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Goldman Sachs: Here's how Trump's tax reform could go wrong

Michael B. Kelley
·Head of Audience Development
U.S. President Donald Trump reacts as he arrives at the White House from Indianapolis, in Washington D.C., U.S. September 27, 2017. REUTERS/Carlos Barria
U.S. President Donald Trump reacts as he arrives at the White House from Indianapolis, in Washington D.C., U.S. September 27, 2017. REUTERS/Carlos Barria

While Goldman Sachs analysts believe there is “a 65% probability that tax legislation will be enacted by 2018,” they nevertheless see major hurdles for President Trump’s tax reform push.

The framework released by Trump and ‘Big Six’ tax negotiators on Wednesday proposed the “largest tax cuts in our country’s history.” On Friday, the Senate Budget Committee unveiled a budget blueprint that would allow for $1.5 trillion in tax cuts over 10 years.

Goldman’s first potential issue involved that $1.5 trillion number, which was called “a ceiling as opposed to a floor” by Bill Hoagland, senior vice president at the Bipartisan Policy Center and a longtime Senate budget staffer.

“First, the revenue target has not yet been finalized, and it is becoming increasingly clear that the Senate’s $1.5 trillion tax cut instruction is at the high end of the potential range of outcomes,” Goldman wrote in a note to clients. “It is possible that tax legislation that reduces revenues that much might still face opposition from some Republican centrists.”

Furthermore, despite the preliminary consensus on a framework, “there are major details that remain unknown, particularly which tax preferences would be curbed to help offset the cost of the tax cuts,” Goldman stated.

Some of the details, or lack thereof, are already contentious. On Monday, Republican Senator Rand Paul criticized the nine-page plan released last week.

“This is a GOP tax plan? Possibly 30% of middle class gets a tax hike? I hope the final details are better than this,” Paul tweeted with a link to an analysis by the Urban-Brookings Tax Policy Center.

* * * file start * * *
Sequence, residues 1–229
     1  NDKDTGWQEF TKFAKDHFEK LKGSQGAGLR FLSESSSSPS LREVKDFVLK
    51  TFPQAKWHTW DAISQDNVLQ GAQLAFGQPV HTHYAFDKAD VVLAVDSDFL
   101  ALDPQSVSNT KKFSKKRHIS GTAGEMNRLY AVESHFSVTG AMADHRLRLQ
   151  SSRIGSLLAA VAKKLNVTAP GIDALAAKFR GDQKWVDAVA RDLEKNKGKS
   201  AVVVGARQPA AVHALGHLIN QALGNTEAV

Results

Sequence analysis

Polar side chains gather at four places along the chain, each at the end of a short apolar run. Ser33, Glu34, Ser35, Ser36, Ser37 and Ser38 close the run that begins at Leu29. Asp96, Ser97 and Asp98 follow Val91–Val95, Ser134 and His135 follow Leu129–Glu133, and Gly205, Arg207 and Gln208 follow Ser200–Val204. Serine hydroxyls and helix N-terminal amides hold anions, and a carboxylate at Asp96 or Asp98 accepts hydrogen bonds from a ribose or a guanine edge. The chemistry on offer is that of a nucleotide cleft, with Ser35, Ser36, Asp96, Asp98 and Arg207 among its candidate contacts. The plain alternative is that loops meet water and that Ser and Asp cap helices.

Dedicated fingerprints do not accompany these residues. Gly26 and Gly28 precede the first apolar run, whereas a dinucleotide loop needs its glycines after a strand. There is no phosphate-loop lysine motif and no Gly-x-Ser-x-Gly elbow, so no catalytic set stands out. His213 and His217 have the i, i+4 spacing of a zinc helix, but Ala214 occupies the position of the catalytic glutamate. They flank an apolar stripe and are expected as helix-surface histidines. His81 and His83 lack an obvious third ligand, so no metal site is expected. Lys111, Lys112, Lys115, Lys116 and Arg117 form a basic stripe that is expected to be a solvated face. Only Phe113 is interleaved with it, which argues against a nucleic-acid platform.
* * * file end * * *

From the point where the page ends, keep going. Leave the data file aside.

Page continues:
President Donald Trump stops to greet Sen. Rand Paul, R-Ky., center, and Sen. Ben Sasse, R-Neb. during a luncheon with GOP leadership, Wednesday, July 19, 2017. (AP Photo/Pablo Martinez Monsivais)
President Donald Trump stops to greet Sen. Rand Paul, R-Ky., center, and Sen. Ben Sasse, R-Neb. during a luncheon with GOP leadership, Wednesday, July 19, 2017. (AP Photo/Pablo Martinez Monsivais)

“[S]ome of the tax increases that have been proposed to offset the cost are likely to be very difficult to achieve, such as repeal of the state and local tax deduction,” Goldman analysts said.

The Trump administration has floated the idea of removing a deduction for state and local taxes, known as the SALT deduction, that costs Washington roughly $100 billion per year in foregone revenue. However, that deduction will be very difficult to kill given the politics of ending a popular tax break.

After Trump economic advisor Gary Cohn said that the elimination of the SALT deduction was negotiable, Republican Senator Bob Corker accused the administration of “softness” and questioned the GOP’s “intestinal fortitude” on tax reform.

Despite the early complaints, the initiative is making progress. This week the Senate Budget Committee will likely vote on a tentative budget agreement, and the House is also looking at passing a budget resolution.

However, given the complexity of tax policy, managing the process to the end will be a challenge for a Trump administration that failed spectacularly on health care.

“This is going to make health care look like a simple thing to do,” Corker told Bloomberg.

A potential timeline for tax reform, according to Goldman Sachs.
A potential timeline for tax reform, according to Goldman Sachs.

READ MORE:

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